# Tutorial 2 - 2013

 Due date(s): Selected questions will be in assignment 2 (PDF) Tutorial questions

Assignment objectives: math refresher; mol balances; working with conversion

• Reminder: always state assumptions in this tutorial, in assignments, midterms and exams.

Question 1 [4]

Make sure you can do these in a test/exam (i.e. without internet access). Let $$X$$ be conversion; find:

1. $$\displaystyle \int{ \frac{1}{(1-X)^2} \,dX} =$$
2. $$\displaystyle \int_{X_1}^{X_2}{ \frac{1}{(1-X)^2} \,dX} =$$
3. And in general, what is: $$\displaystyle \int{ \frac{a + x}{bx} \,dx} =$$

Question 2 [10]

For the question we covered in the end of class last week (see last page of the PDF for this tutorial), we showed the volume of a PFR required is the area under the curve. The volume required was $$2.16\,\text{m}^3$$ to obtain 80% conversion.

If we used 4 CSTRs in series:

1. What would be the size of each reactor if we wanted 20% conversion in each reactor?
2. What is the total volume of these 4 reactors?
3. How does this total CSTR volume compare with (a) the single CSTR volume and (b) the single PFR volume?
4. What is the reaction rate in each reactor?

Question 3 [20]

The following reaction rate, $$-r_A$$ measured in units of $$\left[\dfrac{\text{kmol}}{\text{hr.m}^3}\right]$$ is observed at a particular conversion, $$X$$:

Reaction rate Conversion
78 0.0
106 0.2
120 0.4
70 0.6

We showed in class that the area under this curve is related to volume of the plug flow reactor.

1. Start from the general mol balance and derive the equation that shows the area is equal to the plug flow reactor's volume; clearly state all assumptions used in your derivation.
2. Assuming these assumptions are all met, calculate the plug flow reactor's volume to achieve a 60% conversion given a feed rate of $$15\,\text{mol.s}^{-1}$$ to the reactor.
3. If there is zero conversion at the entry to the PFR and 60% at the exit; what is the conversion half-way along the reactor?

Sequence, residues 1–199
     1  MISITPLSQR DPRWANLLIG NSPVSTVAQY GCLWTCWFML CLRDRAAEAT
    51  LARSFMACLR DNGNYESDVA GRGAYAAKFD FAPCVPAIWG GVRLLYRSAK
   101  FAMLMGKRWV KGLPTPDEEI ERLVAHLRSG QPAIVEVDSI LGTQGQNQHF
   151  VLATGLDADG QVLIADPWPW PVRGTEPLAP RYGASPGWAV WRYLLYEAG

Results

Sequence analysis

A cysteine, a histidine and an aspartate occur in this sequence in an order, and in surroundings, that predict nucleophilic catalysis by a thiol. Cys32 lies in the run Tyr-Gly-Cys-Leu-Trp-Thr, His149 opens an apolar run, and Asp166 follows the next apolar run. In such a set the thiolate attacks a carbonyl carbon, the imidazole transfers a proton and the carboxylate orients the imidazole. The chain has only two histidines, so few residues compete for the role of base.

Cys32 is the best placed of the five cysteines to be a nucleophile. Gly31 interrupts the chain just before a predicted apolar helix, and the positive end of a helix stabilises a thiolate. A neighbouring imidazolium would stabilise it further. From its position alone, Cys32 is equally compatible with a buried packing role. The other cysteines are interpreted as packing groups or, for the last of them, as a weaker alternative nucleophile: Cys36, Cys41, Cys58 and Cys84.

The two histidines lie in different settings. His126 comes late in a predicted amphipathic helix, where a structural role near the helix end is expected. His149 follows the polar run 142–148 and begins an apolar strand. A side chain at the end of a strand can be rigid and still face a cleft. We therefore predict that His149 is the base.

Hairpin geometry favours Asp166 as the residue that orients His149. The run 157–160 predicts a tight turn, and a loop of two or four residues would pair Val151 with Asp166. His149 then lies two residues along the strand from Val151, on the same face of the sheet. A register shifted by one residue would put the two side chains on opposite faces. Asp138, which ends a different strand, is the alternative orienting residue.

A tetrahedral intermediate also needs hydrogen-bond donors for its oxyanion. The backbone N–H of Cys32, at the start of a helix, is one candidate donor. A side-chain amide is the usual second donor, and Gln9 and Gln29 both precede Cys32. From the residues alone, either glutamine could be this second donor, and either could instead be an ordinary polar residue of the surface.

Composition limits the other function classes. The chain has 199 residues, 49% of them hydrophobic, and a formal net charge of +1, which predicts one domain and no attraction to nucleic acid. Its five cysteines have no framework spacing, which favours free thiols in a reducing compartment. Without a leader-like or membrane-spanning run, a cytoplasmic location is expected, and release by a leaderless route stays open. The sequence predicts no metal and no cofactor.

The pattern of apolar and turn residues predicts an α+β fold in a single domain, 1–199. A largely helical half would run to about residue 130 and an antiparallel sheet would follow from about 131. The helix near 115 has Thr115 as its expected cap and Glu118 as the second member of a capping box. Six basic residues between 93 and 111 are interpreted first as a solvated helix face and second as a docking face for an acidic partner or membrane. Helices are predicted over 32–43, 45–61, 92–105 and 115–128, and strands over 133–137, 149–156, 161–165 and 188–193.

4. What is the conversion at 25% of the way along the reactor?
5. Now plot a graph a graph of conversion throughout the reactor, from start to end. The $$x$$-axis on your plot should be the volume co-ordinate, $$V$$.
6. What is the reaction rate at the entry of the reactor?
7. And at the midpoint?
8. And at the exit?
9. Plot a curve that shows the reaction rate throughout the reactor, from start to end. The $$x$$-axis on your plot should be the volume co-ordinate, $$V$$.

Question 4 [12]

A new drug is being prototyped in a batch reactor; as is becoming common-place now, this drug is grown inside a cell as a by-product of the regular cellular processes. So far, experiments have shown the rate of consumption of the starting material, an animal-derived cell $$A$$, is the only concentration in the rate expression.

$-r_A = \frac{5.5C_A}{20+C_A}$

where $$-r_A$$ has units of $$\left[\dfrac{\text{mol}}{\text{day.m}^3}\right]$$

1. Why is a batch reactor suitable for this type of testing?
2. 30 mols of cellular material are added to a batch reactor of $$0.5\,\text{m}^3$$; the liquid food source is added at the same time to the reactor, in excess. Calculate the amount of cellular material remaining in the tank after 10 days.
3. How many days are required to convert 80% of the starting cellular material.
4. Show a plot of the concentration in the tank over time until there is essentially 100% conversion.

Note: in tutorial 1 you solved a similar problem, but for a CSTR and PFR.